Seth Tobocman

Posted: October 31, 2011

interviewed by Chris Richards, October 2011

My first exposure to Seth Tobocman’s work was picking up a copy of ‘You Don’t Have to Fuck People Over To Survive’ per a friends recommendation.  Being a long time comicbook fan, one who desperately searches for comics with heavy political metaphor, I was immediately excited about the book.  Stories of oppression, an illustrated story of Mumia, stories of action, comics capturing the frustration and struggle of activism, the stories and the unique style of art immediately pulled me in.  Years later, after picking up most of Seth’s books, I am very excited to be able to offer you a brief interview with him!

Greetings, can you give us a brief explanation of who you are and what it is that you do?

My name is Seth Tobocman. I am a comicbook artist. A lot of my comics focus on social and political issues. In 1980 I started a magazine called World War 3 Illustrated with Peter Kuper and Christoff Kolhoffer. That magazine is still being published today.

What goals do you have with your art and its impact on the world?

I’d like to make a contribution to a movement against oppression and exploitation, particularly here in the U.S. where we really need one. I’d also like to expand the medium of comics so it can deal with more serious issues.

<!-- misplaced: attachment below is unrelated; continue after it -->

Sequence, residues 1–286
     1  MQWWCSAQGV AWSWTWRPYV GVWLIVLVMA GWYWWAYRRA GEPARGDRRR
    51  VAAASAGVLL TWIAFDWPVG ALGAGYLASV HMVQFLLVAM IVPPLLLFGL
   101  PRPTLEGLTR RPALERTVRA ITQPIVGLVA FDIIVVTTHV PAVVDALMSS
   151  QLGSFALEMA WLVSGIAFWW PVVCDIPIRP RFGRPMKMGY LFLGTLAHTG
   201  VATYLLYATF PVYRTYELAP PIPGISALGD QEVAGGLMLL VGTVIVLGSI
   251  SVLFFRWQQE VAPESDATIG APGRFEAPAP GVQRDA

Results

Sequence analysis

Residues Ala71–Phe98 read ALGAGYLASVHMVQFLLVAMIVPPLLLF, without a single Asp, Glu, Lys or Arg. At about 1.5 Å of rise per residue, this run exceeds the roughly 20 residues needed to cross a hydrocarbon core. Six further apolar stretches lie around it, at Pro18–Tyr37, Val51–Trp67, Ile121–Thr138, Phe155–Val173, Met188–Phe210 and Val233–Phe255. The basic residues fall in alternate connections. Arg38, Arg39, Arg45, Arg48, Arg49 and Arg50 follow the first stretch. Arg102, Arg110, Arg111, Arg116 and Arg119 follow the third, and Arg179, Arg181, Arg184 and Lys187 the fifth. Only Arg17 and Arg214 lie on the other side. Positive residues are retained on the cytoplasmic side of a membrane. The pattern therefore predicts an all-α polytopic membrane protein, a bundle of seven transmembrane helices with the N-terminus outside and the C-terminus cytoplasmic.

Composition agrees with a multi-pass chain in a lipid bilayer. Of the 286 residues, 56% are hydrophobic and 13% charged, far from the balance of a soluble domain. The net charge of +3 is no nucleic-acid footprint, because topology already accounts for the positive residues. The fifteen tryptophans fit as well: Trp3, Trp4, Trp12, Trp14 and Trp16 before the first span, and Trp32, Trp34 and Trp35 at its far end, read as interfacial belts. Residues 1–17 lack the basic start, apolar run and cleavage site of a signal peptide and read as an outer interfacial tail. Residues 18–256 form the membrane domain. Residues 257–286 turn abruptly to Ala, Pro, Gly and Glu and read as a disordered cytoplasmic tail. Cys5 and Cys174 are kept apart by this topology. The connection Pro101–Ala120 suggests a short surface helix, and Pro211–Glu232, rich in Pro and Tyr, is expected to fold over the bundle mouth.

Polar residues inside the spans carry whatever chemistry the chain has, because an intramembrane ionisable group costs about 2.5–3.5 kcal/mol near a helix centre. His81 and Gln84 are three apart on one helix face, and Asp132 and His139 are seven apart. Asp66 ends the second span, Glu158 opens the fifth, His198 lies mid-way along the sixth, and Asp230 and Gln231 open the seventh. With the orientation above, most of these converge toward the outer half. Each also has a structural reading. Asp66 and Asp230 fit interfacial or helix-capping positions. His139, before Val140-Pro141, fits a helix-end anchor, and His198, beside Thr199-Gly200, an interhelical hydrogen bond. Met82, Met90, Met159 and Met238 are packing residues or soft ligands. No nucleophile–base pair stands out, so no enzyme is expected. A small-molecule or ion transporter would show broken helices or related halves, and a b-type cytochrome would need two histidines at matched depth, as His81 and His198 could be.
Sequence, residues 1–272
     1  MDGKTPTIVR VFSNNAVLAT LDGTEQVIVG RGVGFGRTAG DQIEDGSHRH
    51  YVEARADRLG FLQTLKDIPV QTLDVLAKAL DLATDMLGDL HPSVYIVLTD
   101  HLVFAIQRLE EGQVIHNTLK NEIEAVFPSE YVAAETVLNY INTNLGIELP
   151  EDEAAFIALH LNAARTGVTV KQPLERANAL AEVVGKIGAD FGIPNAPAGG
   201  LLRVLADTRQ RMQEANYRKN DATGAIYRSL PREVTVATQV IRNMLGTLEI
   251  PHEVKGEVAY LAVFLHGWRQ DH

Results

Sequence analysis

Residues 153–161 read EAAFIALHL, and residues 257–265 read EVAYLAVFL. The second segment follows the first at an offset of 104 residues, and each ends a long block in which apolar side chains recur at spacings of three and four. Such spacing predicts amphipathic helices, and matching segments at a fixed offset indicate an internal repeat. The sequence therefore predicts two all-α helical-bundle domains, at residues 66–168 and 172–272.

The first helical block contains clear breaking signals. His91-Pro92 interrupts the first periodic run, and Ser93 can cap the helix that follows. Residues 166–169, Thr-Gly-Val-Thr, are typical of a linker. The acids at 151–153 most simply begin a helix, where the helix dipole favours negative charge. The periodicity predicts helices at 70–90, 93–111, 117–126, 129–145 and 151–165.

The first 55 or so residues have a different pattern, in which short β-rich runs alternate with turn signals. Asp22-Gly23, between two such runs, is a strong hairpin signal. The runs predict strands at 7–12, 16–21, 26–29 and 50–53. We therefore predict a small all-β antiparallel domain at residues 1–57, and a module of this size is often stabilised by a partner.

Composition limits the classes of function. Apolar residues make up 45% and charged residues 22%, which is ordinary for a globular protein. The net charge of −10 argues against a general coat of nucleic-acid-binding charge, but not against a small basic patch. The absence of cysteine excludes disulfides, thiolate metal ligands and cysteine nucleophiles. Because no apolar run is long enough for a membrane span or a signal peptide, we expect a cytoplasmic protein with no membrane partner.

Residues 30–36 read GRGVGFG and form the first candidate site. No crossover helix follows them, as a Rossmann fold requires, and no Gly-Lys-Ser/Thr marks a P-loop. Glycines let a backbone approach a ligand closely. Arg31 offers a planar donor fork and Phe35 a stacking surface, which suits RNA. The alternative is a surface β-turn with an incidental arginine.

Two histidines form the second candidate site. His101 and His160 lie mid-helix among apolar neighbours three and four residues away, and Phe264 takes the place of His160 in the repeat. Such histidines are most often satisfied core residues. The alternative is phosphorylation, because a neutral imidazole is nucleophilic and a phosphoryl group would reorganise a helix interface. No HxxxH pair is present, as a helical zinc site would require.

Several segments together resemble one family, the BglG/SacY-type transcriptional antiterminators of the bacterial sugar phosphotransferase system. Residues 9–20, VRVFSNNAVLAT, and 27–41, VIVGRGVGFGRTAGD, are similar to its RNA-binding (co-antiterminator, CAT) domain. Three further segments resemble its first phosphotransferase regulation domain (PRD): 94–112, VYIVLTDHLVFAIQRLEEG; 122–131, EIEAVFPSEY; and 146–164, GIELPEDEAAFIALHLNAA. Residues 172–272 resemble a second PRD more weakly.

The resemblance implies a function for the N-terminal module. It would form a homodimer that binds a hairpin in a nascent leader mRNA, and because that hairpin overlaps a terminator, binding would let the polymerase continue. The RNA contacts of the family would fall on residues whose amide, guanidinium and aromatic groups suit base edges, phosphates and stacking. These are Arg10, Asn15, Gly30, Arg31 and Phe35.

What first led you to the decision to utilize your gifts as a tool for expressing your personal views on social and political issues?

I’ve always had a sense that there was a lot of injustice in the world and that art was a way to respond to it. But it was the rise of Reagan that really made me feel I had to get political.

What place does art, media, and creativity have in building a resistance movement?

I think that whatever activities human beings engage in they create art about. Like cave people did paintings of the animals they had to deal with. So if there is politics there will be political art.

Do you feel that using your art for social and political purposes has been successful?

I think that history will judge that.

Ideally, what experience or impact would a viewer take away from your art?

I’d like people to understand. You don’t have to like me or what I’m saying. But I want to be heard and understood.

For more information on Seth Tobocman, please visit his website: